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Why Fairtrade?

fairtrade

What is “Fairtrade”?

Fairtrade ensures that the production of goods is fair and kind to those throughout the manufacturing process. By working with farmers and crafts people Fairtrade ensures that they get paid properly for their time, energy and skills. This in turn allows them to afford to live a decent life and provide for their family. Empowerment of producers is at the core of Fairtrade’s work as they make sure that they have an equal voice.

This video explains the chain of production and why Fairtrade makes a difference.

 

How does something get Fairtrade mark?fairtrade

This Fairtrade mark appears on products when any ingredient within it that can be Fairtrade is. If only one ingredient, such as the cocoa, is Fairtrade then you may see a slightly different mark – like the one below. Fairtrade standards are independently checked by the Fairtrade Foundation to ensure that all within the chain, from farmer to shelf, are following the correct policies.

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Why is it more expensive?

Fairtrade products may have a higher price tag than corporate company products. This is because Fairtrade program’s put policies and standards in place to support farmers to earn a decent wage as well as communities benefitting from Fairtrade premiums. This money enables individual families to live in better conditions and funds safe water supplies, education and healthcare. By buying a Fairtrade product, not only will you have a wonderful gift for yourself but you will also have helped others around the world to experience fairness and kindness.

Fairtrade products at FairKind Child

Everything stocked at FairKind Child is either Fairtrade, ethically made and sourced or handmade locally in Sussex. Many of our wooden toys and games are Fairtrade, supplied by Lanka Kade. Some of the most popular include our alphabet dragons and alphabet dinosaur puzzles, wooden farm animals and wooden wild animals.

To learn more about Fairtrade you can visit the Fairtrade Foundations website.

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What’s so wrong with Plastic Toys?

What's so wrong with Plastic Toys?

I set up FairKind Child soon after having my son and finding it so hard to buy ethical, unique toys that are good for the environment. When I mention that I don’t supply plastics I am sometimes asked why – “What’s so wrong with plastic toys?” There are some good toys out there, such as construction toys, that are made from plastic. It can sometimes be hard to resist them. Thankfully more and more alternatives are being produced. I select my stock based on it’s impact to the people and communities that produce them, as well as the world and the child that plays with them.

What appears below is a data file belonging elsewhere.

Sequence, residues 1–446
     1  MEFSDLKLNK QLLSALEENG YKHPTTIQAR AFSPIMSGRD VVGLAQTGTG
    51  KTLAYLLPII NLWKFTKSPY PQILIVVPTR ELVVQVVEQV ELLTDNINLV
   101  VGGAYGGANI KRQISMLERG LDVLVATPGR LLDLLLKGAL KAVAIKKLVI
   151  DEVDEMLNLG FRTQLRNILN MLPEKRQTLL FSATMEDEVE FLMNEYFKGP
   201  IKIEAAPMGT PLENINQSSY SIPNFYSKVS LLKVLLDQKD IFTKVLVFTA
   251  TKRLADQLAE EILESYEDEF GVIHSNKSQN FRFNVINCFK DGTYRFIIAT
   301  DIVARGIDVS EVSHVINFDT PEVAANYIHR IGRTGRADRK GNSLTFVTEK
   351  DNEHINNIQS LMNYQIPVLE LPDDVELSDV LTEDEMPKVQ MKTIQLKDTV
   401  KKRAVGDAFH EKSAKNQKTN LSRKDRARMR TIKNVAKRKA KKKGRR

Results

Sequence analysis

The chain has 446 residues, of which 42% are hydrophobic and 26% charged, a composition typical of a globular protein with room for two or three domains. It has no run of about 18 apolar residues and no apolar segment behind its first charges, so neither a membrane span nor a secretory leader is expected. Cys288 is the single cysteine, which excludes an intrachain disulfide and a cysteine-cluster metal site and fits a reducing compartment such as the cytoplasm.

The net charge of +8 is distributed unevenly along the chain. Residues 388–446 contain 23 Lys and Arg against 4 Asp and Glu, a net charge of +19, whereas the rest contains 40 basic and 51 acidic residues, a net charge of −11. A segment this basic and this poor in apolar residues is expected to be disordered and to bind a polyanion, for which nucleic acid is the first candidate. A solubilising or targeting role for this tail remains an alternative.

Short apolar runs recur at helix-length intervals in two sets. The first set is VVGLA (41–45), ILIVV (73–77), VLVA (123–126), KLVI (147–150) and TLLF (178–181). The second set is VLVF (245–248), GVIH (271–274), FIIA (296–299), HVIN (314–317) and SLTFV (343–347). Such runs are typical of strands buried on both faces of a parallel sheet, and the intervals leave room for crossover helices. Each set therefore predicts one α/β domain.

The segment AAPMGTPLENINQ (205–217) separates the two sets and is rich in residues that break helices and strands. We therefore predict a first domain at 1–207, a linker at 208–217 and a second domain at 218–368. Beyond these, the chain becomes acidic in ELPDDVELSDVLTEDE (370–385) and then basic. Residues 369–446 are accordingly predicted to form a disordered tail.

Here are a few reasons why I choose not to supply Plastic to children.

Landfill!

The most obvious one..so many broken toys are sent to landfull each day because they cannot be recycled. The only way is to dismantle them into their material parts e.g. remove the metal bits, fabric bits etc. If they are still working you can offer them to a charity.

plastic landfill

Phthalates: What are phthalates?

Have you seen the sign “BPA Free” on baby’s bottles and other plastic items? BPA is a Phthalate. Phthalates are added to plastic to strengthen it. They have been identified as responsible for attention-deficit hyperactivity disorder, breast cancer, obesity and type II diabetes, low IQ, neurodevelopmental issues, behavioral issues, autism spectrum disorders, altered reproductive development..and if that wasn’t enough – male fertility issues!!
As more and more is known about these groups of chemicals, each Phthalate is identified to cause health problems. Pregnant women and young children are more at risk.

Initally it was DEHP, which was replaced with DiNP only to find that DiNP is linked to male genital birth defects and impaired reproductive function in adult males.

Once BPA was identified as a health risk it was replaced with bisphenol S (BPS). Unfortunately now BPS has been around long enough for health effects to emerge. As these new chemicals are produced, there is insufficient information to identify their hazards over long periods.

HOWEVER, Cotton, Wood, Wool and other natural materials that have been around for centuries, are natural materials that have been tested for generations, so we know these materials are safe and long lasting for children’s products.

The images below show data relating to content of Phthalates in toys intended for children 3 or under.

Phthalates Risks in Children's Toys Quality issues

Unfortunately a number of companies do not comply with the necessary Regulations when exporting to the EU. This means that some high street toys are also subject to health risks. (Data taken from Prosafe website)
70% of the world’s toys are manufactured in China. There is nothing wrong with buying from China. Some tribes are fair trade and produce excellent toys. However when buying mass-produced plastic toys from China, you can never be sure of the production quality.

CE-vs-C-EMore so, China has produced their own verion of the CE mark and named it the China Export mark!! Try to become familiar with the differences between this and the real mark which has larger spacing in between – it’s tough to spot!

Here are some more statistics from Prosafe – a Non-Profit organisation that seeks to strengthen safety in products sold throuought the EEA.

Sadly toys that were least compliant with the legal CE toy Regulations were Rattles and Push along toys (‘O’ is Other).
You can see these statistics in more detail at

http://www.prosafe.org/images/Documents/JA2013/JA2013_Toys_Final_Technical_Report_24-02-2016.pdf